I experienced my first panic attack in my car while attempting a three point turn in the road outside my parents’ house. I was 22.
One minute I was turning the steering wheel, focused on the manoeuvre, the next I was sweating with fear. My mind raced through a theatre performance I had recently seen, the most devastating moment playing over and over again on the screen of my mind. My body reacted as though this performance was not just real, but was a part of me. I was the dying man collapsing on the ground, I was the one losing the love of my life, it was my body that was falling apart. My temperature rose rapidly, my breathing became forced, erratic. I was shaking, terrified. My body followed the path of terror created by my mind. My guts churned, I thought I would throw up. I was out of control.
In an instance I was catapulted from the peace and quiet of my little green Citreon to a world where I was dying and all I knew was shame and fear. This terror had fallen from the sky, cloaking me. I couldn’t escape it.
I sensed a tug from the rational side of my brain, trying desperately to drag my mind back to safe territory; the day, the weather, the car… anything. It failed. I was in hell, unable to escape.
Then, as I pulled the car over to the side of the road and turned off the engine, the fear gradually started to move away from me. It got quieter, slowly fading. Then it was gone.
I had no idea what had happened, I only knew it was out of my control and I hoped it would never happen again. Rather than try and explain to anyone what I had experienced, I put it down to my vivid imagination. I decided it was a one-off, an anomaly. I was ashamed I couldn’t control my mind and my body, that I had allowed a fiction to overwhelm me, so I kept it to myself.
And if this had been a one-off maybe that would have been okay. Maybe my self- justification and denial wouldn’t have become a problem. But this was not a one-off. This was the first of many such unexplained moments, which stretched to episodes, which sometimes became whole days where I could not shake the terror and catastrophising. Throughout my twenties these experiences became increasingly frequent. I didn’t understand, so I couldn’t explain. I was embarrassed and I didn’t have the language to talk to anyone about it. And who would I talk to anyway?
Once or twice I raised it with a group of women in the church I attended. This was not something they recognised either. They offered me the best they could, which was prayer and the power of positivity. I was encouraged to focus on positive things, to memorise scripture and dwell on the pure, the good, the lovely.
Unfortunately, as I experienced these moments again and again this only served to increase my sense of failure. This didn’t seem to be something I could be ‘healed’ of, it lived within me. I was broken, a freak.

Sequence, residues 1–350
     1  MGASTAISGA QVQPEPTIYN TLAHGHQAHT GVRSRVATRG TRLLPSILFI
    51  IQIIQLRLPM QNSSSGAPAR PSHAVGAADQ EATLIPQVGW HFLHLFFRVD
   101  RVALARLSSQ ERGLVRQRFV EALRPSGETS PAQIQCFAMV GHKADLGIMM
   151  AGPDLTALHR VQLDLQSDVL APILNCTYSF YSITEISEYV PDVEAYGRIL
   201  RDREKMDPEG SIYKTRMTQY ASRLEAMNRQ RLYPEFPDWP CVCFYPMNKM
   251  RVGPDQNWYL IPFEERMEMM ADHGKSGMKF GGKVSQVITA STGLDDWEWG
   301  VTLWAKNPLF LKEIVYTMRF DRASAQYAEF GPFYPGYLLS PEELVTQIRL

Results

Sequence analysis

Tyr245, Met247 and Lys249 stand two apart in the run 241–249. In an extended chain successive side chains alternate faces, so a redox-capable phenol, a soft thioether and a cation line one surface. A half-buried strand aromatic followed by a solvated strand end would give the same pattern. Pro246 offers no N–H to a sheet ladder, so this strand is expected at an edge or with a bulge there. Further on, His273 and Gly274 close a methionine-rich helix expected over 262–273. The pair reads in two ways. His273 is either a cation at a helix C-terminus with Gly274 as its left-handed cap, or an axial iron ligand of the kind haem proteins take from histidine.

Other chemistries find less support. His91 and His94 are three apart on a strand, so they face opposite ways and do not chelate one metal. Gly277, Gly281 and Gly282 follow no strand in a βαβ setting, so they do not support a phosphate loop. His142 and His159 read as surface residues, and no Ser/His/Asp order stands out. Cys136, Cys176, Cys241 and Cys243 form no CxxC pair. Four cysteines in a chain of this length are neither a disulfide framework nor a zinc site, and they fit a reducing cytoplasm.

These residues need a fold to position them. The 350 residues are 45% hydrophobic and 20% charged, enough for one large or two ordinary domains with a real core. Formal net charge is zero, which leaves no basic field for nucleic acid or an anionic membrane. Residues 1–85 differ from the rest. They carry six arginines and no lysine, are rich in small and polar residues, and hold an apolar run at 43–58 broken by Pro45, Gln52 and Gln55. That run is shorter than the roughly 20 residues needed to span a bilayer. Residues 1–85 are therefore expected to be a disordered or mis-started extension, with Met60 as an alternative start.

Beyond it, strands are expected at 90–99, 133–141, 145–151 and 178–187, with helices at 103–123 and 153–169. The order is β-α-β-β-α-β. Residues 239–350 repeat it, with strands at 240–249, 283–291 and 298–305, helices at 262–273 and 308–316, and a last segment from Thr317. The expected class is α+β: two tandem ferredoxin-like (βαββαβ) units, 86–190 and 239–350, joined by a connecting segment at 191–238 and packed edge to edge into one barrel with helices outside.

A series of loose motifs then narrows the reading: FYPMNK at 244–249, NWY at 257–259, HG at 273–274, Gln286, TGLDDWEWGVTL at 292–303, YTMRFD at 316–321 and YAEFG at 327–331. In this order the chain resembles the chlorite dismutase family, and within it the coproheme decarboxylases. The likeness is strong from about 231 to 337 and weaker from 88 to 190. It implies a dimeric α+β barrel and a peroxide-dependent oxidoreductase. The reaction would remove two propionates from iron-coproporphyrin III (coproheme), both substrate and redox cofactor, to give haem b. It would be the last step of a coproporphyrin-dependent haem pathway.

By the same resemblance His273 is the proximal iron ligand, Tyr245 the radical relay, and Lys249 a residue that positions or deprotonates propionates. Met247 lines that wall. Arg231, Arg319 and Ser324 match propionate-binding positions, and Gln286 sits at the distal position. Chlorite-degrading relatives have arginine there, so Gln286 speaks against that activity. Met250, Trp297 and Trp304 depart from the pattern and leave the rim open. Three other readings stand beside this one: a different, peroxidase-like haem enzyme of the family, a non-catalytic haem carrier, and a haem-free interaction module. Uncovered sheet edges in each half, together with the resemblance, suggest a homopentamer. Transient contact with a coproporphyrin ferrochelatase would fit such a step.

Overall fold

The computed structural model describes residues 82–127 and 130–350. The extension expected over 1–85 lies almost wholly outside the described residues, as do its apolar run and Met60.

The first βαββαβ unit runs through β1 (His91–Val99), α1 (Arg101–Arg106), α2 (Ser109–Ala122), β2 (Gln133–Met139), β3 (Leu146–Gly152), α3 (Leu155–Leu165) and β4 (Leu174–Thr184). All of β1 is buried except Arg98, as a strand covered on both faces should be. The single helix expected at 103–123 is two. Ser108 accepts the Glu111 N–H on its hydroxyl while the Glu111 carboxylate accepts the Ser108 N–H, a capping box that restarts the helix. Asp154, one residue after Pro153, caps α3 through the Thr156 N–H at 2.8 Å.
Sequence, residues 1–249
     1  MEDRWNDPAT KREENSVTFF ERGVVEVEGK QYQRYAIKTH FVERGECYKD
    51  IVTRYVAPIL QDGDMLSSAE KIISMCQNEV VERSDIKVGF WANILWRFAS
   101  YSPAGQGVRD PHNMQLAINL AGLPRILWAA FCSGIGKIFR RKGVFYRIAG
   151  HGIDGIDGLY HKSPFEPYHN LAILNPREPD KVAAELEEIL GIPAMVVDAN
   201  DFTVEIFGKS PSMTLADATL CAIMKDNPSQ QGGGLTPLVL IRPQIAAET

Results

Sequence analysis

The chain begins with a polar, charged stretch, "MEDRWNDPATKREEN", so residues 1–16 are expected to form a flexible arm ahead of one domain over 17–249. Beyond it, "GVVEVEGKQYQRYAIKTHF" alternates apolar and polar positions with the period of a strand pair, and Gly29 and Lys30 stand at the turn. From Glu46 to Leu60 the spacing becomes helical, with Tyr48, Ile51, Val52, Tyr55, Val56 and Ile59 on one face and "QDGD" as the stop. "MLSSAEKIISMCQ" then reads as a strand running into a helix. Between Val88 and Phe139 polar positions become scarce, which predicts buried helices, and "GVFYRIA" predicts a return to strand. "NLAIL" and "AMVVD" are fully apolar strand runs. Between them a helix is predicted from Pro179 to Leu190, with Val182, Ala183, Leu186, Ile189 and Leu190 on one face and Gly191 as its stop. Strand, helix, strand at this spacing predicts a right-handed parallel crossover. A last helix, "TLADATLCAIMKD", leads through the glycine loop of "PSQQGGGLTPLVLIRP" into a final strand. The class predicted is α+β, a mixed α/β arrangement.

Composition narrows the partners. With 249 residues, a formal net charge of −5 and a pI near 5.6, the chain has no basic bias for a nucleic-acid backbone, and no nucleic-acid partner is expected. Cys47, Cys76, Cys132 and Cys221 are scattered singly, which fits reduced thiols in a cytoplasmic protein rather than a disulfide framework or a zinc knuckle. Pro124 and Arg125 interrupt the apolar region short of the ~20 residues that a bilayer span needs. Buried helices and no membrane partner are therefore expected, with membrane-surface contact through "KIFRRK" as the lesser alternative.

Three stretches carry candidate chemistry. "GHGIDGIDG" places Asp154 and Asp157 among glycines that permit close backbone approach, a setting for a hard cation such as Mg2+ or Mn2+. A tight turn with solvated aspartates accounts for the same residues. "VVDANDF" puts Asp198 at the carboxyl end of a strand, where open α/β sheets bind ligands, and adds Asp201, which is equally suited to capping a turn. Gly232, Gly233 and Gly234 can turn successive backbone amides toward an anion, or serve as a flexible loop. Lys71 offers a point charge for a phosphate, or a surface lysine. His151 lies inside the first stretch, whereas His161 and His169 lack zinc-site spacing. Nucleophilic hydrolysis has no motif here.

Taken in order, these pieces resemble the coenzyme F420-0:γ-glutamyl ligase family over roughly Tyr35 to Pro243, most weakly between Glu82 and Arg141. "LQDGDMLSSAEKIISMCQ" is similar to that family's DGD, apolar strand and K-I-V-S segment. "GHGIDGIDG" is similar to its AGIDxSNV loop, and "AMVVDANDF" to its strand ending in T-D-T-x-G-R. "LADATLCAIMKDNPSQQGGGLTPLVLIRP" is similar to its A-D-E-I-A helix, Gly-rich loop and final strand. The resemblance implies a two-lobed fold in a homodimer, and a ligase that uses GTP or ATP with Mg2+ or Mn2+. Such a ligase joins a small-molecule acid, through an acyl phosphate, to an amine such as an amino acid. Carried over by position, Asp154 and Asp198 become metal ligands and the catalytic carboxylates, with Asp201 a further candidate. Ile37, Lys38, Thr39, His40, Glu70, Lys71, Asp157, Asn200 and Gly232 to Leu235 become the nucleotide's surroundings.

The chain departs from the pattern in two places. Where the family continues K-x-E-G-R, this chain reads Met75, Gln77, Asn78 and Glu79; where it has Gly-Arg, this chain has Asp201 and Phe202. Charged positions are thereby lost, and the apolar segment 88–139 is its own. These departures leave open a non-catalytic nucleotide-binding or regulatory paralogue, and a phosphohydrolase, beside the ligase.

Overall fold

So I did what you do when you are ashamed and have no answers: I pretended. I faked it. I ignored and denied. I didn’t give my emotions any time. They were the problem and therefore I needed to try and crush them. I acted like I was fine and could cope with everything life threw at me. But when emotions are pushed aside or ignored they do not diminish or go away, they become amplified. The more I tried to out-run the terror, the more it snapped at my heels.
I didn’t know what I would later learn: emotions are not good or bad, emotions are simply data. They give us information. They are trying to tell us something. They point to where the pain is, what we value and what needs attention.
By judging my emotions and my panic attacks, I had kept myself alone and ill. I had believed I was to blame and my emotions were wrong. My self-worth correspondingly plummeted. I didn’t know there were others who felt this way, that there was something that could be done, that it didn’t have to be like this.
It took nearly a decade of anxiety and panic before I eventually sought help. Before I started therapy and went to see my GP. It took a decade before I learnt the truth which brought freedom: I was not a failure, I was ill. And I certainly was not alone.
And so I have to ask you the question:
What will it take before you acknowledge how you feel?
Are you ignoring or repressing your emotions because you are ashamed of them, or you don’t understand them?
This is not a long-term solution.
All internal pain will eventually come out one way or another. Why not choose to be honest with yourself and stop judging your emotions? Being honest about how you feel is like allowing fresh air to a wound. It might not look pretty but ultimately it will be healing.
And if you are scared and don’t feel strong enough, I get it. It is scary to own up to yourself. But trust me, you are stronger than you think.
You can do this.
Big love x
“The radical acceptance of our emotions, even the messy, difficult ones, is the cornerstone of resilience, thriving and true authentic happiness.”
Susan David (author of the fantastic book, Emotional Agility. Highly recommended.)
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